Refresher training should be offered to ensure that operators continue to demonstrate the knowledge and skills needed to operate forklifts. Refresher training should be provided when workplace conditions change, or the nature of the equipment changes. Refresher training is also needed if an operator demonstrates a failure to operate the truck safely, or if the operator was involved in an accident or near-accident. There’s no need for retraining if an employer certifies that an employee has proven competent to operate a particular kind of truck on a particular kind of route.
If an employer requires you to learn how to operate a forklift, the employer will either provide a certification course or advise you on how to complete one. If not currently employed, find a qualified school that teaches students how to operate heavy machinery and provides certification. The OSHA standard requires certification of
Becoming a certified forklift driver, however, is not only about learning how to operate the vehicle. It’s also important to learn how to drive and operate it safely.
According to 29 C.F.R. 1910.178, employers (or trade schools) will also certify that forklift operators have been properly trained and evaluated. Verifiable completion of training will render applicants eligible for certification.
Certification includes the name of the operators, the date of the training, the date of the evaluation and the identity of the evaluator. As soon as training has been completed, an employer can print a temporary certificate and operator card.
Becoming certified and OSHA compliant may take about half a day. The benefit of OSHA-approved certification is the possibility of better pay as well as the possibility of employment at warehouses, seaports, airports and construction sites anywhere in the world.
Becoming a Certified Forklift Trainer
If you’re already a certified forklift operator, you might consider becoming a certified forklift trainer to help teach other forklift operators to be safe and knowledgeable. If interested in becoming a trainer, you might consider a continuing education course in forklift safety to ensure you’re up to date on forklift operating technology. There are no required classes to become a certified forklift trainer, but there are helpful skills:
Becoming a trainer can be as simple as making the request with your supervisor, but the above skills make it easier to convince an employer to certify you as a trainer. Specialized training will also increase the odds.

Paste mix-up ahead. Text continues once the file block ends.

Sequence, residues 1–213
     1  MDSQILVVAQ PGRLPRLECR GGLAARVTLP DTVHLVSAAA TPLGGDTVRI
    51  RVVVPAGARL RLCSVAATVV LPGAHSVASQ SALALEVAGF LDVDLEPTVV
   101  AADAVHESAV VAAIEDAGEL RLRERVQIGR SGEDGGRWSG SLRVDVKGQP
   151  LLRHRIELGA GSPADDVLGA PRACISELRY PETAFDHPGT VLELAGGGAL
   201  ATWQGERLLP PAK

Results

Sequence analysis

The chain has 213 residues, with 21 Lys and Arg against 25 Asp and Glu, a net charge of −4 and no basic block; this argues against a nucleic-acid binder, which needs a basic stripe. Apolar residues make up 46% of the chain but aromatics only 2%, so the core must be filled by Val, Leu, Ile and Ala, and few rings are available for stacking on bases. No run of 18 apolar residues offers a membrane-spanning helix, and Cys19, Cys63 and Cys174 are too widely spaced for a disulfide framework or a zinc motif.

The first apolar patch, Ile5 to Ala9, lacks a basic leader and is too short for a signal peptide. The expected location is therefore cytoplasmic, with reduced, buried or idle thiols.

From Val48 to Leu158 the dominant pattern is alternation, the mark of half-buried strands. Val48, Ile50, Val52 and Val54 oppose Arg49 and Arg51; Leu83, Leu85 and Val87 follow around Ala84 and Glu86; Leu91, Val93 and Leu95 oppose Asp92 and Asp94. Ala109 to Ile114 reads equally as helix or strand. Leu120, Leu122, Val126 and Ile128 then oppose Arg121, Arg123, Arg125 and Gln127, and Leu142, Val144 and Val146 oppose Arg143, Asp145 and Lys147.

Safety Courses and Policies
According to the Fair Labor Standards Act, forklift operation is considered a “hazardous occupation.” Industrial equipment like forklifts can be very dangerous if used improperly, with almost 100 people getting hurt each year. This is why you need to take an OHSA-approved safety course, even after obtaining forklift driver training and certification. Although OSHA requirements help reduce the number of injuries in the workplace, they can also lower the cost of compensation insurance and reduce product and property damage in the workplace.
Employers can show employees videos on forklift safety, but it’s not enough to meet the full requirements of the OSHA standard. Employers must also provide site-specific safety information and evaluate the employee’s understanding of that information.
Forklift Safety Checklist
With 25% of forklift deaths caused by an overturned forklift, according to OSHA, it’s vital to follow safety guidelines and proper operating procedures. The following tips should help improve forklift safety on the job:
As a forklift operator, it’s vital to remain aware of your surroundings to ensure work is safely completed. Ongoing instruction in equipment safety is important even for certified forklift operators.
A Career in Material Handling
Before embarking on a career as a forklift operator, it’s wise to take some time to learn about the industry. The more you learn about it, and the kind of work you might be doing, the easier it will be to make an informed career choice. Learning about the industry will also make it easier to find solutions for customers, once you’ve begun a career in material handling.
Join the McCall Handling Team
McCall Handling offers the best forklifts for sale in the market, from manufacturers such as Bendi, Drexel,
McCall Handling also needs talented staff for forklift operator jobs, as well as other positions in the material handling business such as forklift sales, service, administration, and parts and accessories. If you’re interested in a job as a forklift operator, call McCall Handling today, or fill out our online application form to submit your resume for consideration.